Jenkins School in Cooch Behar. Picture by Main Uddin Chisti

TT, Cooch Behar, July 22: A school in Cooch Behar has decided to use electronic cards to inform parents by SMS when the child enters the campus in a move to check bunking of classes.

Jenkins School, which plans to do this, is the oldest English-medium institution in the district that was established in 1861 by the erstwhile princes of Cooch Behar. It is a boys’ school with 1,300 students who read from Classes III to XII.
The immediate trigger for setting up an electronic attendance system is the death of a schoolboy this month.
On July 11, a Class XII student of Jenkins, Brihotjyoyi Sarkar, drowned in a pond in the town. “We later found out that he had been leaving home but not coming to school for over 10 days,” a teacher of the school said.
The school proposes to set up an electronic system that will scan at the gate each student as he enters wearing or carrying a chip-embedded card. Once the boy enters the gate, an automated text message will be sent to the registered cellphone number of the parent saying the ward had entered school.
Today, Jenkins sent a proposal to the state school education department seeking funds for installing the system. Jenkins is a state government-run school.
Headmaster Debabrata Mukhopadhyay said the teachers and the guardians were “deeply interested” in introducing the system. “We have discussed the matter at the school managing committee meeting. Apart from installing CCTV cameras at the gates, we will introduce an SMS-based system for monitoring attendance of the students. We have already contacted Webel, Infosof Technologies and Fastas Group regarding the system,” Mukhopadhyay said.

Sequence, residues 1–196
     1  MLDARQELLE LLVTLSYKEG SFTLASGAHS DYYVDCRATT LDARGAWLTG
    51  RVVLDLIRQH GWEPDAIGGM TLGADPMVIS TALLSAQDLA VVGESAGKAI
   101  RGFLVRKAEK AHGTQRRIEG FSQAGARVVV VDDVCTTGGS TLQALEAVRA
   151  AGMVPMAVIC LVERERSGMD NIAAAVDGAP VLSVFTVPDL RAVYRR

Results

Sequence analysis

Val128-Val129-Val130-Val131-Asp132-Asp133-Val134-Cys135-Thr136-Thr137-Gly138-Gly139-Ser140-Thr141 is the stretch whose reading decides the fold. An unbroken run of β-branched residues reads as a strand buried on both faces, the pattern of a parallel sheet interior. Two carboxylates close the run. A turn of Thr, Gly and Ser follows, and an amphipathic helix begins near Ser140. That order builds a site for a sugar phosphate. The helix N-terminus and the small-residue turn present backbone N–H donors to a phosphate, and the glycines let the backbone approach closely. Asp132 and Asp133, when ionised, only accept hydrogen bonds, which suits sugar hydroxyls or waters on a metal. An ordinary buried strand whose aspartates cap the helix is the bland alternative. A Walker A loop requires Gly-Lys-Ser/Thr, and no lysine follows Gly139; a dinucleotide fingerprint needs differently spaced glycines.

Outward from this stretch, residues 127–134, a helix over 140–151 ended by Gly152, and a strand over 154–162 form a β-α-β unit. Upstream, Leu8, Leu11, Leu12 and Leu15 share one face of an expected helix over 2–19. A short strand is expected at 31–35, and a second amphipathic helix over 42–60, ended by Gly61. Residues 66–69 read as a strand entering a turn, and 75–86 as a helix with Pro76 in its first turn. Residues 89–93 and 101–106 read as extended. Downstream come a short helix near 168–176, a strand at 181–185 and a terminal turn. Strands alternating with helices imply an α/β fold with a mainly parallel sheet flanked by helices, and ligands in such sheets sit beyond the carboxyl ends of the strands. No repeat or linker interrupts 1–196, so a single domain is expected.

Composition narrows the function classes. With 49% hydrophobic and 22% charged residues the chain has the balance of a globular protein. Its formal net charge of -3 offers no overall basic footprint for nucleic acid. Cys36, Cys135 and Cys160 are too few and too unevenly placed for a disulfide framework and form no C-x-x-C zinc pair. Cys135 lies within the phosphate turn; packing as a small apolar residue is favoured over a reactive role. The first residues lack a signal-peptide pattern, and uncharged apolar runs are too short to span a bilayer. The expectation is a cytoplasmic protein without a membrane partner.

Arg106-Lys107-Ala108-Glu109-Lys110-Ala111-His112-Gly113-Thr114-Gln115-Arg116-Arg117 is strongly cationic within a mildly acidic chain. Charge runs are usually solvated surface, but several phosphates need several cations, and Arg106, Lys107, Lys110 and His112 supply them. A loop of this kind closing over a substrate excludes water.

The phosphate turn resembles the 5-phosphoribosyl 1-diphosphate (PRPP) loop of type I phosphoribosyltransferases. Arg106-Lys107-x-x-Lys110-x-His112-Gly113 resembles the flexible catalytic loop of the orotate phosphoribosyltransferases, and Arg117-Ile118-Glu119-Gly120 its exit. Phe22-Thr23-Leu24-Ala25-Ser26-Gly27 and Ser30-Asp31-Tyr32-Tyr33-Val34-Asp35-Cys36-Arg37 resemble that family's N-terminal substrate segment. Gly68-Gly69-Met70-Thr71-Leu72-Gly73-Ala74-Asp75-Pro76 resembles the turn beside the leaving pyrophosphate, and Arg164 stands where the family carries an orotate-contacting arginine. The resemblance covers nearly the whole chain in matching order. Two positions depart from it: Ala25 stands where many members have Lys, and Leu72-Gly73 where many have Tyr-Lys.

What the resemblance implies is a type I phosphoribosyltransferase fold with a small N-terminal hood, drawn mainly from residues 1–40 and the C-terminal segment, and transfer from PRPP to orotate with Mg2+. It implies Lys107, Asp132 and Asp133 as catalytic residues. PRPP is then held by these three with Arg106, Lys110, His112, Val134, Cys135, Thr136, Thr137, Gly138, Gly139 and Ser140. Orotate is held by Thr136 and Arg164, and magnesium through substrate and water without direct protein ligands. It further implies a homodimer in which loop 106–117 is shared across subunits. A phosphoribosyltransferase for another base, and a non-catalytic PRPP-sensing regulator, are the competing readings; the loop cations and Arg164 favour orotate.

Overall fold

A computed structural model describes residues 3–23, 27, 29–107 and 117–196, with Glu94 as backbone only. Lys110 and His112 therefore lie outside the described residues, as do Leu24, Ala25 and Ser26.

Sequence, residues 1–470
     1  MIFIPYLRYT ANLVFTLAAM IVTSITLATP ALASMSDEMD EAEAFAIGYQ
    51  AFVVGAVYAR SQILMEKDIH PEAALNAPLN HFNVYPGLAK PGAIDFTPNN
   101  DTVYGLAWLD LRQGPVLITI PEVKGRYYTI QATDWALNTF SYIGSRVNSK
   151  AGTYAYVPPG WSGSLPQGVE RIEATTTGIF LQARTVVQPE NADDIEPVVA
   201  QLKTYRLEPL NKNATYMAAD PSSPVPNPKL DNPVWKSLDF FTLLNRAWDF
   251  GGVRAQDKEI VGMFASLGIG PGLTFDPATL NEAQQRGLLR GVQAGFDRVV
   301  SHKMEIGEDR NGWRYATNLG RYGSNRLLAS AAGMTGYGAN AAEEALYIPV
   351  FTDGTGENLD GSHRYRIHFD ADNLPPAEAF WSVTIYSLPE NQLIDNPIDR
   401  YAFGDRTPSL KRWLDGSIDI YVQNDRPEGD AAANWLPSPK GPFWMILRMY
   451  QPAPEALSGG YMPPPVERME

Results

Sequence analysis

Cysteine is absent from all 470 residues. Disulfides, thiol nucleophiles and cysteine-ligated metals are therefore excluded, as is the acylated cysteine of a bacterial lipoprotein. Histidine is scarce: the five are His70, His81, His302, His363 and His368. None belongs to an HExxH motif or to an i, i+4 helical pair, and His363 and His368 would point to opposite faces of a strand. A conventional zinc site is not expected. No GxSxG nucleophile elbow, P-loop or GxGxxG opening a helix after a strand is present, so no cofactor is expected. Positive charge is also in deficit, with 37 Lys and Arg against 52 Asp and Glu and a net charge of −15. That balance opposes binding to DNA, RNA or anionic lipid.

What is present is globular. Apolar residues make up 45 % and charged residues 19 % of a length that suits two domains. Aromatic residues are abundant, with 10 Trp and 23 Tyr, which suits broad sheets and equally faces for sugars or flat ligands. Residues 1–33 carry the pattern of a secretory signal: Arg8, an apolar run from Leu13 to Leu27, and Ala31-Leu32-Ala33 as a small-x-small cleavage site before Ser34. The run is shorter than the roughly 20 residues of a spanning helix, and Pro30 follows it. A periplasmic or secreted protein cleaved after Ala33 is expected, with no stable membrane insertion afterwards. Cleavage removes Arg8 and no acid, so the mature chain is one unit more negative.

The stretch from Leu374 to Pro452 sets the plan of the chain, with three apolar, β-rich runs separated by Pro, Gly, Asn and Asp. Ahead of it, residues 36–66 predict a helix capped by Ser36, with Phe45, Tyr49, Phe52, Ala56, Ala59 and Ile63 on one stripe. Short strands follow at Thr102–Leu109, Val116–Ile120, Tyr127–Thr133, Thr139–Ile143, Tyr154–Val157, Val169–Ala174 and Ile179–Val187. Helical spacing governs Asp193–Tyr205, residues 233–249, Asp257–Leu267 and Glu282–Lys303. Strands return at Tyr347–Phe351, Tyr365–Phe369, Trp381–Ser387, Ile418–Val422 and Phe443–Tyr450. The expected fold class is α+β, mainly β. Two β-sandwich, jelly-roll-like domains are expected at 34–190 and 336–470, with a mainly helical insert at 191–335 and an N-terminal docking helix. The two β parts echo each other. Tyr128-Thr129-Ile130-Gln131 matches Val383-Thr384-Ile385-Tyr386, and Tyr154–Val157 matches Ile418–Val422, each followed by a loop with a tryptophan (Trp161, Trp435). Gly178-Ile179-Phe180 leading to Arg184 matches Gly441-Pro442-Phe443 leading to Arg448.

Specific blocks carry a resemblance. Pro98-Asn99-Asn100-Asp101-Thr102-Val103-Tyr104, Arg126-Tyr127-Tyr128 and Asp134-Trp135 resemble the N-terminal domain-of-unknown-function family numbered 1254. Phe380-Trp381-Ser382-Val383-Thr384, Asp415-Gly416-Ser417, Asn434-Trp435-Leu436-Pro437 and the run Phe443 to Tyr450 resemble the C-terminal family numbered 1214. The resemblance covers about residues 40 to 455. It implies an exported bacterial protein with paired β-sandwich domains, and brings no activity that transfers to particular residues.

“It will cost each student around Rs 10 to Rs 15 a year to run the SMS system. The cost has been agreed upon by the managing committee. We have sent a proposal to the department of school education requesting Rs 3 to 4 lakh for the system,” he added.
Sources said all students would be issued the electronic cards.
“These cards will be embedded with a micro-chip unique for each student. The school entrance will have a card reader that will automatically scan the cards and instantly generate the SMS and send it to a particular guardian’s cellphone. The information would be stored in a server in the school,” said a source.
Once the server is installed, the roll-call system would cease to exist.
Nepal Mitra, the spokesperson for the school’s guardian’s committee, said it was a novel idea. “We welcome the decision and if it is implemented, it will be of great help in ensuring regular attendance of the students,” he said.
According to sources in the school, many boys, mainly senior students, do not attend classes regularly. Students are often seen spending the school hours in parks and cyber cafes.
A Class XII boy who did not want to be named said many of his friends stayed away from class. “Many of us spend the day in Internet cafes, playing games or surfing. Some even roam in parks. If this system is introduced, we will not be able to skip classes,” the boy said.